The fall semester is flying by and before you know it, we’ll be signing up for spring courses. Maybe this semester you loved your schedule and want to stick with the general lay out you made of your time slots for classes. Maybe you hated your schedule because of the time slots– you signed up for too many 8 a.m.’s, or maybe you slept in too long every day because your first class was at 1 p.m.!
No matter how you feel about your schedule, this article will go through helpful insights and things to consider when making your spring and other future schedules.
Everyone is different so your scheduling preference will depend on what type of person you are. Maybe you didn’t taken certain aspects into consideration when initially choosing your classes. For example, it would probably be useful to get an idea of the course through friends, your advisor, or general knowledge you have about the course so you can identify what type of work you will be doing.
Take English class for example. In English, you will most likely be writing a plethora of essays and research papers. If you choose to take English next semester, you might want to pick only one other class where you would find yourself mainly writing essays as the course workload. By doing that, you don’t run the risk of being overwhelmed by the copious amounts of writing assignments you have each week from five writing-heavy classes.
Another factor to consider is your skill level in a particular subject. If you struggle greatly with math and have to fulfill the math requirement this upcoming semester, you may want to consider balancing your schedule with a course that you excel in or find easier instead of choosing four other very difficult courses.
This may seem obvious to some, but many people end up overwhelming themselves by trying to take as many difficult courses at once so they can get them out of the way for the future. This lack of balance can take away from your education in the courses as well as your success grade-wise.
Have you ever tried both types of schedules? By “both types” we mean that you can either have a very balanced schedule, where you only have two or three classes each week day, or you could have all of your classes jam packed into Tuesdays and Thursdays or only on Mondays, Wednesdays, and Fridays so that you can have days completely off from any classes. There are pros and cons to each of these types of schedules, and going through the pros and cons of each type can help you know what is best for you.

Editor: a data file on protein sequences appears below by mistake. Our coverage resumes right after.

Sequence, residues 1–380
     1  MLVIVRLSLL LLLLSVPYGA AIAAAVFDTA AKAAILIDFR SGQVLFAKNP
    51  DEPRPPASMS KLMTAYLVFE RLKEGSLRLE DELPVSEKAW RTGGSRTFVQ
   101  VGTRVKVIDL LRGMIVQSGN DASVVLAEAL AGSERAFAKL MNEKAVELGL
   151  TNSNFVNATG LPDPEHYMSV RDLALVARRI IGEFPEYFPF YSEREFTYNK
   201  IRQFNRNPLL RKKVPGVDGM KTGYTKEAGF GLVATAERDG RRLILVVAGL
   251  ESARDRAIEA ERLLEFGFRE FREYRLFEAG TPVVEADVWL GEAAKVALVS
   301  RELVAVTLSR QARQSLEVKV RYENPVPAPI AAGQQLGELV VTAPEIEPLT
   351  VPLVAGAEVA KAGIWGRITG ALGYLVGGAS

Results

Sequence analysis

A pro of having a balanced schedule is that it can keep you productive throughout the day, given that you are responsible and go to each class. You are less likely to have assignments from each course due on the same day. Lastly, you are more likely to have breaks in your individual days or if you schedule is back to back, you can have a lot of time before classes or you can end your day early and have the rest of the day to work and relax as you see fit. The con of having a schedule that is balanced is that you will not have a three day weekend nor will you have a weekday that is free of classes.
A pro of having two or three weekdays where it is full of classes is that you will have days off to spend as you please, and you may be able to partake in a “Thirsty Thursday” and a three day weekend. However, you have to ask yourself if you have the motivation to manage your time and work on those off days. You also have to accept the possibility of having multiple exams and assignments for the same day, which can be very stressful.
Self awareness is vital when building your schedule. It’s crucial to ask yourself questions and answer honestly:
- “Am I a morning person, or should I really start my day later?” (read this article and take the quiz to find out!)
- “Could I sit through a three hour evening class once a week?”
- “Would I like having all of my classes back to back or would I prefer them spread out throughout the day?”
- “Can I really handle this challenge? Or should I lighten up my schedule?”
- “Are these too many easy classes for one semester?”
- “Am I leaving enough time for work and extra curriculars?”
Preparing in advance for your pick time is also a way to set yourself up for a successful semester. Building your ideal schedule in advance and having a backup plan in case your classes are full can decrease your amount of stress. Searching through the course catalog is very helpful, as well as checking out the GEP requirements so you can check those off your list. You can search for those courses specifically on the website using the instructions provided by SJU.
There are many factors to consider, and if it gets to be overwhelming, don’t forget to ask friends, upperclassmen, and especially advisors for help and information about certain classes and what schedules they suggest. The advice and opinions from others can bring new perspectives that will help you know what is best for you.